A Ghanaian friend sent me a blog post on this Acqua for Life Challenge sponsored by the Giorgio Armani:
It promises to provide 100l of clean water for every bottle of fragrance bought.
Since I do finding-out-things for a living, I was curious how exactly this worked.
The one bottle of fragrance = 100l of water equation sounds like a great deal, but is clearly a PR tool: lots of charities use something similar to fundraise. The send-a-cow charities often let people choose cows, goats etc from a catalogue to send to a specific village, but typically, that money goes into the fund for a programme rather than to individuals. Which makes sense, but it's still a little dishonest in advertising. Same with Kiva, the online small loan platform: people who choose to provide a small loan to help small entrepreneurs in developing countries are given the impression that their money will go to a specific entrepreneur. Again, this is not true, as the money is bundled and then given to (micro) finance institutions to onlend to their clients. This has been debated online quite extensively recently.
But back to fragrance purchase = water for kids. So how *does* this work?
The website is full of very pretty blue pics, and hardly has any useful information. Nothing of substance even here:
I then consulted Google, and Google tells me that the implementing partner organisation, Green Cross International (GCI), is a Geneva-based non-governmental organisation founded by President Mikhail Gorbachev in 1993. Its main areas of activity are:
• conflict prevention
• sources of conflict and war, and
• value change
The section on structure and organisation shows an impressive governing and honorary board. See here:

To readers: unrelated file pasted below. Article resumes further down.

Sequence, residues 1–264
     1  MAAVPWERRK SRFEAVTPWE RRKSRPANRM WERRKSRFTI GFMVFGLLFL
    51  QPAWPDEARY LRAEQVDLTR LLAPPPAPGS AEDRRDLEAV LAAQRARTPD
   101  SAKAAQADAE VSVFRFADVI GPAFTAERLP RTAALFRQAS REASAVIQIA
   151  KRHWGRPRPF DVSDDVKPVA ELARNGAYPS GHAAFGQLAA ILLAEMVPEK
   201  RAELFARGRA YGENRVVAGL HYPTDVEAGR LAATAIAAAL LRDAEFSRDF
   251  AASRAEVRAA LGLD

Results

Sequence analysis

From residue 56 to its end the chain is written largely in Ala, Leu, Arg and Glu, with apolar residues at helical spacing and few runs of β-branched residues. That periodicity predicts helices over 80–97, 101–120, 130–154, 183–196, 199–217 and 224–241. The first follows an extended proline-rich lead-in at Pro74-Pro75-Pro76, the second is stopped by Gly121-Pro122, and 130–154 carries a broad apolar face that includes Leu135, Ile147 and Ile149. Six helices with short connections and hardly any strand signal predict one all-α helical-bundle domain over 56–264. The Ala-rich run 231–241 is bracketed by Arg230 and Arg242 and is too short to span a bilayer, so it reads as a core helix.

Robert Redford is an honorary member - yumm!
The staffing section is much skinnier with 11 employees: http://www.gci.ch/en/who-we-are/staff.
Since this includes the president, vice president, and chief operating officer, it's a bit top heavy, but they might all be incredibly effective in preventing conflict. It doesn't strike me as an organisation that has much experience in carrying out on-the-ground water projects, but then they have a local implementation organisation: Green Cross Ghana.
But back to my initial quest of finding out how this water for fragrance thingie works:
I have dug around a bit and found the Ghanaian school programme under Conflict Prevention, sub-category Water for Life & Peace, sub-sub category Access to Water and Sanitation. Logical, not so? There's the 'Case Study Ghana'. I'm not sure this is quite the right term as Ghana seems to be the only project and is actually a pilot - they state that they plan to expand the project beyond the five communities that they currently work in.
The programme was launched in February 2010 and plans to do this:
'SWGS aims to provide safe drinking water, as well as sanitation, environmental and health awareness for children and their local communities in transboundary river basins. This includes:
1. Setting up a rainwater harvesting system
2. Providing ecological latrines
3. Bringing more water to the communities by building additional water systems
4. Running educational programmes'
I can't find more details. They have a backgrounder on the school initiative in Ghana to download, but it basically repeats the information from the website.
So I still don't know how one bottle of fragrance = 100l of clean water actually works. I'd be keen to see the amounts raised through this so far, and what exactly they have been spent on – and how much went to GCI and how much to their local implementation organisation. When I clicked on the Aqua for Life Challenge website, an automatic counter told me that 44.646m litres of water have been ‘raised’ so far.
I think I’d also be more comfortable with donations being used for such a project if the implementing organisation had done the pilot already and had therefore demonstrated its expertise in running such projects.